JTA — Naftuli Moster, the founder and former executive director of Yaffed, the advocacy group focused on improving secular education in Haredi Orthodox Jewish schools, is launching a news organization focused on what he sees as a news desert in the Haredi world.
With a board that includes seasoned Jewish journalists, Shtetl: Haredi Free Press will launch online in 2023, and Moster said he is exploring a print option as well. Shtetl’s online announcement said it had seed funding for two years; Moster declined to comment on who the funders are but emphasized that the media organization would produce independent journalism.
“Every community needs a free press,” Moster told the Jewish Telegraphic Agency. “Members of this community, my community, deserve a free media as well. Shtetl’s existence is an exciting development in the Jewish and media spaces, and we are looking forward to making a big splash in early 2023.”
Moster, who grew up in a Haredi Orthodox family in Borough Park, Brooklyn, stepped down from his position at Yaffed in September after a decade as its founder and leader. During that time, Yaffed got the attention of city and state education officials as the group filed multiple lawsuits meant to increase access to secular education in Haredi yeshivas. In turn, he drew the ire of Haredi Orthodox leaders, who resented an ostensible insider inviting scrutiny of their educational institutions.
The Haredi communities of Brooklyn and New York’s exurban Rockland and Orange counties are currently served by successful print and online newspapers, in English and Yiddish, that tend to be protective of community interests, including the yeshivas.
Elad Nehorai, an ex-Hasidic writer and progressive activist, said these sites are more akin to community newsletters than journalistic enterprises, publishing local interest stories like death and wedding announcements, notices about community events and stories about construction of new synagogues or schools. National and world news coverage tends to focus on the Haredi community in Israel and syndicated news copy about events outside of the religious world.
“The Haredi world in general is not used to the kind of journalism that exists in the secular world,” Nehorai said. “In the secular world, investigating wrongdoing of leaders is a normal thing.”
For example, it was a secular newspaper — the Israeli daily Haaretz — that in 2021 reported on allegations surrounding Chaim Walder, a once-celebrated Israeli Haredi children’s author, who was accused of having sexually assaulted more than 20 women, and several underage girls. Only after the allegations became a prominent topic of conversation in Haredi communities did the press there begin to cover them — often with apparent sympathy to Walder.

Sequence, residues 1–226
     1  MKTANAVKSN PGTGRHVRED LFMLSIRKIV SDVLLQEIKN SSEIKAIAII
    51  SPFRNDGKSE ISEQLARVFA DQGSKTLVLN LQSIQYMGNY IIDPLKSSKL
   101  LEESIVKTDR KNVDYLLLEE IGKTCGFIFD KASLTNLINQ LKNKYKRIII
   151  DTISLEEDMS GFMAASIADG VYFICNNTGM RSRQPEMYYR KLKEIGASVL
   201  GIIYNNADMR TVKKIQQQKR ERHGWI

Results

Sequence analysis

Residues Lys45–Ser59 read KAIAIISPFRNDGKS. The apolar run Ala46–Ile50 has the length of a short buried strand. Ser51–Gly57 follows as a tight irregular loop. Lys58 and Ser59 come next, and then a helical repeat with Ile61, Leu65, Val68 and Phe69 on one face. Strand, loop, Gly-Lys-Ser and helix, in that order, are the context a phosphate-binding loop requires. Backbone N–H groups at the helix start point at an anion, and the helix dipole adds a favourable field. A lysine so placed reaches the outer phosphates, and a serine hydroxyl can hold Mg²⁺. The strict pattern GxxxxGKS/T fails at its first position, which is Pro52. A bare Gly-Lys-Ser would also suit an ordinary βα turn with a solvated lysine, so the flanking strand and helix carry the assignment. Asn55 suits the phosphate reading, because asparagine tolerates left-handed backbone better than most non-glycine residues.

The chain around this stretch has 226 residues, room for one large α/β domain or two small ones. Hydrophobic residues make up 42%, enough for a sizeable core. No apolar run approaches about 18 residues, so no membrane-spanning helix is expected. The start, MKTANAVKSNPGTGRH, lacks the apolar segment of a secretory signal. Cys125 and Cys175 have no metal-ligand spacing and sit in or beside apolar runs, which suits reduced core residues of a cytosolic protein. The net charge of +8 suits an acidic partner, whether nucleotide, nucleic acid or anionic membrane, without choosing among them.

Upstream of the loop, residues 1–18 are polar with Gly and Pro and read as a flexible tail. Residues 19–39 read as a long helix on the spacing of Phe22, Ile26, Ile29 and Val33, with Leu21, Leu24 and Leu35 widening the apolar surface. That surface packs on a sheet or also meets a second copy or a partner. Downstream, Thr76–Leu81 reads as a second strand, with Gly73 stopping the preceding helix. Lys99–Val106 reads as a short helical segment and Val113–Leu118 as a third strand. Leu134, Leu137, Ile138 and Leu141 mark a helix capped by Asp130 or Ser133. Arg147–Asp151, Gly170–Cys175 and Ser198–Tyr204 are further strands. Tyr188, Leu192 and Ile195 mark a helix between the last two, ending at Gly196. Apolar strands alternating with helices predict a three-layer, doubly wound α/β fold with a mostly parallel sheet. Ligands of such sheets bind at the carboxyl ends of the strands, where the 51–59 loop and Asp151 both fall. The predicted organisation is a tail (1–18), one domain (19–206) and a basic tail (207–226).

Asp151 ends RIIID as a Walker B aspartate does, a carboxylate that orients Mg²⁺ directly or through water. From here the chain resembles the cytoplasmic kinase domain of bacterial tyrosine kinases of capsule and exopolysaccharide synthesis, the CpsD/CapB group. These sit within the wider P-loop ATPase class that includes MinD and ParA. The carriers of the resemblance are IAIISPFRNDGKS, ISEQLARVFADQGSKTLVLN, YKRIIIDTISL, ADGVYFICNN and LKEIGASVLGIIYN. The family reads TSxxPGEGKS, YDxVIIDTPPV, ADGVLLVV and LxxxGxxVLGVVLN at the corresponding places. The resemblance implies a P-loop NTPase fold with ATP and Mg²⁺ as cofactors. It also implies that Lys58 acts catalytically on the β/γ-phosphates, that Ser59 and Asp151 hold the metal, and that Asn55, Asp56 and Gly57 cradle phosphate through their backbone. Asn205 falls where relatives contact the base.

“Very often if you look at the press there, it’s more about building community,” Nehorai said of the Haredi world. By contrast, “If you open the New York Times it’s generally a lot of negative stories.”
Leaders of the Haredi community were incensed when, in September, the New York Times published a major investigation that found that in New York’s Hasidic yeshivas, “generations of children have been systematically denied a basic education, trapping many of them in a cycle of joblessness and dependency.” Backlash from the Hasidic and other Orthodox communities began before the story was even published, with people claiming the New York Times and the Jewish reporters themselves were biased and even antisemitic in their reporting.
Moster envisions a role for Shtetl that will foster “important discussions that are crucial for the well-being of the Haredi community and beyond,” according to an online announcement. At the same time, “it will produce content that other outlets are unable, unequipped, or unwilling to provide to their readers, whether owing to the lack of resources, cultural competency, access to insiders or Yiddish language proficiency.”
The project is currently recruiting board members, full-time and freelance reporters, editors and marketing professionals. Its founding board includes journalists Larry Cohler-Esses of The Forward and Ari Goldman of Columbia Journalism School, neither of whom is Haredi, as well as Adelle Goldenberg, a recent Harvard University graduate who grew up in the Hasidic neighborhood of Borough Park. Goldenberg was the winner of the 2021 Yaffed Changemaker Award for her assistance to Haredi students who want to go to college outside of the yeshiva system.
Goldman, a former New York Times religion reporter who attends a Modern Orthodox synagogue, told JTA he became familiar with Moster’s work with Yaffed about five years ago. He said he was impressed by Moster’s efforts to get Haredi young people a strong secular education and believed that Haredi communities could benefit from improved journalism, as well.
“I want to be supportive of an effort that tries to shine more light on a community about which a lot is hidden and unknown,” Goldman said. “I’m also very interested in good journalism, which I think is a cornerstone of our society. And I want to see it put to the best of use in the Haredi community.”
Critics of Shtetl, purporting to be from within the Haredi and Orthodox world, have already voiced their opinions on social media, claiming that the new media endeavor has some sort of agenda to undermine their communities.
The backlash echoes the one that Moster has received for a decade already, when his education advocacy even earned him the label of “moser,” reflecting a dangerous accusation that he had inappropriately involved secular authorities in Jewish affairs.
“The people who are reacting negatively don’t see it as, ‘Oh they’re just writing negatively about us,’” Nehorai said. “They see it as traitorous. They see it as someone who’s turned on us. And what’s fascinating about that is that it doesn’t matter if you are Haredi or you are ex-Haredi, what occurs then is you are labeled as an outsider.”